According to a 2011 report by Euromonitor International, Switzerland’s medical tourism sales are expected to grow 20 per cent from SFr850 million ($947 million) in 2010 to SFr1.021 billion in 2015. Sobhani said that demand for plastic surgery and cosmetic treatments was growing in line with demand for general medical services from abroad.
Clients from countries with rapidly growing middle classes such as Russia and China, but also from the former Soviet states and the Gulf states, are increasingly interested in Swiss plastic surgery services, says Frei.
Kosmina notes that compared with two years ago, the numbers of clients from countries including Egypt, Syria and Greece has dropped in line with changes in social and economic conditions in those countries.
Who wants what
She says that Chinese clients in particular are “very enthusiastic” about animal cell treatments offered by exclusive medical and wellness resorts such as Clinique la Prairie in Montreux.
A spokeswoman for Clinique la Prairie, Arian Repond, told swissinfo.ch in an email response to questions that demand from foreigners for cosmetic surgery and treatments “is always growing”.
She said “revitalisation” treatments – in which a concentrated solution of biologically active substances extracted from young lamb livers are administered orally over two days – was the most popular treatment programme with the clinic’s clients, most of whom are foreign.
“For our programmes, most patients come principally from China, Russia, Latin America and Europe,” Repond said. “And very often they also visit our centre for aesthetic medicine. Every nationality has particular demands.”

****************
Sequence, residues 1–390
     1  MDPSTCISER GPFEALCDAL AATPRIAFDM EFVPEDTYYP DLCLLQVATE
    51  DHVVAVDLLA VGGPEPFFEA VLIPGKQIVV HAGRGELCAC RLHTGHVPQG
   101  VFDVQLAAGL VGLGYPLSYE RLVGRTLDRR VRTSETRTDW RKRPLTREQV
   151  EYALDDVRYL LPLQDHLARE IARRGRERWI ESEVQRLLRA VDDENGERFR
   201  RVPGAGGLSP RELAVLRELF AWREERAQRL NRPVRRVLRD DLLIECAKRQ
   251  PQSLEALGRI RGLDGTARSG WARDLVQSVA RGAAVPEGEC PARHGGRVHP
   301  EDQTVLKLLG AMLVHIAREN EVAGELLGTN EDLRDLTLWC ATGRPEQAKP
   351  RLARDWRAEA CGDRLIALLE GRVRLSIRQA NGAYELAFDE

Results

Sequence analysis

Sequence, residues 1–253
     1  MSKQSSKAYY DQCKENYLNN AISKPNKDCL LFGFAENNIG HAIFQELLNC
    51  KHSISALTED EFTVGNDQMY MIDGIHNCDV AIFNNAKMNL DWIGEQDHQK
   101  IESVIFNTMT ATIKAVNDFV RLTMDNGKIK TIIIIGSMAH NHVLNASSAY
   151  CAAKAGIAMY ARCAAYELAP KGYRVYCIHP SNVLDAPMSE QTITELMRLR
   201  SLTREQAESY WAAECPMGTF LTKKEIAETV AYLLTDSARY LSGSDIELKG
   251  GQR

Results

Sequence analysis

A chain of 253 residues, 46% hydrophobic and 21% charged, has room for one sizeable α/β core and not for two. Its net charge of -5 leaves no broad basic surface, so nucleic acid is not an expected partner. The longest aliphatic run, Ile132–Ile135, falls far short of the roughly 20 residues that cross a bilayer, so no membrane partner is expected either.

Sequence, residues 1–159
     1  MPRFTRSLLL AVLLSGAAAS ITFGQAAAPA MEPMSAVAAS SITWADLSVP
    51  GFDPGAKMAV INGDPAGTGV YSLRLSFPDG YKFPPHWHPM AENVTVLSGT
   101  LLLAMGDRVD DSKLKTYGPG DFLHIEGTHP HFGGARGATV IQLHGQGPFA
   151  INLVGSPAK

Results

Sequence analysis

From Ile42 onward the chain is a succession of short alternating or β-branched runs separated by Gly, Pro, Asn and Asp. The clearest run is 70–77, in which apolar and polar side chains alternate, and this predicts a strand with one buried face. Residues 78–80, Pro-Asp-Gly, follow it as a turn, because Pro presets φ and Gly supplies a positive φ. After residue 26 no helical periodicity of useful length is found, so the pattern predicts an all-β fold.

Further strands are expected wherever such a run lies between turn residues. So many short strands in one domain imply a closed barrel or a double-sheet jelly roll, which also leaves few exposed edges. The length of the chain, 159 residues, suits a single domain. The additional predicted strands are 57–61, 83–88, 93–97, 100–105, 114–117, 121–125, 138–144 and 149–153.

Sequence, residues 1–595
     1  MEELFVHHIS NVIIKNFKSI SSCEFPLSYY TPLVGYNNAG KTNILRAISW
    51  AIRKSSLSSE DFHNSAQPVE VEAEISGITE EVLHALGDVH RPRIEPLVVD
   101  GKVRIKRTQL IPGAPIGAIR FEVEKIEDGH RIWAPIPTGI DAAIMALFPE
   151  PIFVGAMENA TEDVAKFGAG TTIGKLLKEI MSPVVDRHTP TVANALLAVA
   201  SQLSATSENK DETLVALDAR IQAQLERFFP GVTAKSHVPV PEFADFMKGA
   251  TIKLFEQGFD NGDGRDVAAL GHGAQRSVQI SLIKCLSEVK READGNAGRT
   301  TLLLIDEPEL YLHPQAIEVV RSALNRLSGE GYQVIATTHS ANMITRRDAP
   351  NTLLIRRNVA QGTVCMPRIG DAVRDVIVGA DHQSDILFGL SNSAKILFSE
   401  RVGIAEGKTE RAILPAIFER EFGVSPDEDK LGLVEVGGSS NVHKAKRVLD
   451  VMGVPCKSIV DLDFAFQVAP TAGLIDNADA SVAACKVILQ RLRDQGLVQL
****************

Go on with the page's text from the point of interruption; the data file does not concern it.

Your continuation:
Sobhani said that Chinese clients tended to ask more for aesthetic procedures such as eye corrections to make their eyes more rounded, and Swixmed would often refuse the more outlandish requests for cosmetic surgery treatments.
“There are the standard procedures but for the Saudis for example, what we see is that they are more interested in procedures about weight loss, liposuction and tummy tucks; while for the Russians what we see is much more about breast or face,” said Sobhani.
Swiss medical tourism
Medical tourism sales are predicted to climb from SFr850 million in 2010 to SFr1.021 billion in 2015.
A study by the Gottlieb Duttweiler Institute estimated that 30,000 people visit Switzerland every year for health reasons, spending more than SFr1 billion on treatments.
The Association of Swiss Hospitals, which represents 370 public and private institutions, estimates that 1-2 per cent of all patients come from abroad.
Switzerland’s largest private healthcare provider, Hirslanden Private Hospital Group, is seeking annual growth of 10 per cent in foreign patients within the next five years. It collaborates with hospitals in Saudi Arabia and the United Arab Emirates to attract customers.
Source: Euromonitor International “Health and Wellness Tourism in Switzerland”End of insertion
A Swiss surgeon, Paul Niehans, first injected patients at Clinique la Prairie with fresh foetal calf and lamb liver cells in 1931.
Known as “revitalisation” the treatment today involves one injection of Lipid A and two doses of CLP Extract – a concentrated solution of biologically active substances extracted from young lamb livers – administered over two days.
Clinique la Prairie says that revitalisation helps to slow down the ageing process of the immune system but there is no immediate or miraculous anti-ageing effect.
“Frequently people close to the patient will observe improved mental performance, increased intellectual and physical endurance, and an overall improved wellbeing. In general, the older the patient, the more readily he or she will notice an improvement to his or her condition.”
Source: Clinique la PrairieEnd of insertion